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Reducing the entire complexity of the 1980s, not least the ideological fluidity of the period in Britain’s public political and intellectual life, to just “Tories Win” is a bit simplistic not least for an alternate history forum and also goes against considerable scholarship.

Ross McKibbin is one of the most structurally determinist Labour historians and even he doesn’t see it as that straight forward. https://www.lrb.co.uk/the-paper/v24/n05/ross-mckibbin/the-luck-of-the-tories
That’s rather interesting and makes sense, I’ve always found the Tories in the 80s having a lot of ‘near the brink’ moments. Like Thatcher kind of gave up on full blown Monetrism that took place in the early 80s (80-81), for a slightly less aggressive approach (still Monetarism but not the full blown Friedman in Chile style of it).

Labour’s failure to really capitalise properly during the period didn’t help (not helping matters was ideological squabbles).
 

Elektronaut

Opinions from the Student Union
Though it would certainly be a feather in Kinnock's cap had it been won, I don't think Kensington is a very consequential by-election. It would ease the notion at the time that Labour had a serious problem in London, but it's hard to quantify anything much in terms of how it would impact. The only potential knock on I can think of could maybe be in Govan - by-election selections were on the cusp of being taken away from local parties, and Govan was the last instance of a candidate the leadership didn't want being selected. Perhaps with Kinnock in a stronger position from Kensington, there's a different candidate and a LAB hold - but equally it could just affirm the OTL selection.

I don't think Prescott winning is on a 'Tories win in 97' level, but it's getting there. The result against Benn demonstrates Kinnock had the clear confidence of the party, and once he'd made it clear Hattersley going meant him going too, the deputy election was effectively a confidence vote in Kinnock. You'd have to have Kinnock be in a much worse position to put Prescott in with a chance - but then the whole configuration of events would play out differently.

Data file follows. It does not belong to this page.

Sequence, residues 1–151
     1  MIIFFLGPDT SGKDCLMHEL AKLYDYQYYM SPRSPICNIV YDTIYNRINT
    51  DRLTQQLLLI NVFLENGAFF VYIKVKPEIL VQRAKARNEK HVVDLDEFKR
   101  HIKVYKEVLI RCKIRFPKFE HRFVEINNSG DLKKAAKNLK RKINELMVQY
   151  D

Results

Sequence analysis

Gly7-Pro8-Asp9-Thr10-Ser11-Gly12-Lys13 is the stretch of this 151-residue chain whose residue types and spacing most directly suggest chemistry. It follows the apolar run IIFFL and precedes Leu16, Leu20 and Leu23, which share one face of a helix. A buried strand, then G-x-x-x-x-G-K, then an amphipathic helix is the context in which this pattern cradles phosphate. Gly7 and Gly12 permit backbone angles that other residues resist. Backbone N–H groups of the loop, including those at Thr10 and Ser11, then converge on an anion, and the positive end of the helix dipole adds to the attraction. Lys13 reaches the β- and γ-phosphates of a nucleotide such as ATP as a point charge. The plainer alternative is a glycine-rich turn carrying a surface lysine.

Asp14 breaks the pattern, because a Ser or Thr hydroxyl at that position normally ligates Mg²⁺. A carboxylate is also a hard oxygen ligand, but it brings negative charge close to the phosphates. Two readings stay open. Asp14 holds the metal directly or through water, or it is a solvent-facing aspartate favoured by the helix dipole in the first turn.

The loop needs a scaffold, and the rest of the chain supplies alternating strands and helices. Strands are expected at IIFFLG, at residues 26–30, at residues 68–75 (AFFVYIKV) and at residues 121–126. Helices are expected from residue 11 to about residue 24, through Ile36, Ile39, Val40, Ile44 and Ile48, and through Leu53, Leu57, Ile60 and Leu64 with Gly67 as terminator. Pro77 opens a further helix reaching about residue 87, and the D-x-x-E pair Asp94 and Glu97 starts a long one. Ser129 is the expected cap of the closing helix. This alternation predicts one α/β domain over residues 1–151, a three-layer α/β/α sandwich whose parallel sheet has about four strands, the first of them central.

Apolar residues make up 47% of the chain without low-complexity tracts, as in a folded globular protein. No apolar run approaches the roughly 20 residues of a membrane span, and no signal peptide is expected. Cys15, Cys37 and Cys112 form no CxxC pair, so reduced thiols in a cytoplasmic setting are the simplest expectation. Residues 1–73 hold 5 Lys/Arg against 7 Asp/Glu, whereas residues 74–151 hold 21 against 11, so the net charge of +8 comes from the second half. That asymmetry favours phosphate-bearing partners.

Time Enough

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Though it would certainly be a feather in Kinnock's cap had it been won, I don't think Kensington is a very consequential by-election. It would ease the notion at the time that Labour had a serious problem in London, but it's hard to quantify anything much in terms of how it would impact. The only potential knock on I can think of could maybe be in Govan - by-election selections were on the cusp of being taken away from local parties, and Govan was the last instance of a candidate the leadership didn't want being selected. Perhaps with Kinnock in a stronger position from Kensington, there's a different candidate and a LAB hold - but equally it could just affirm the OTL selection.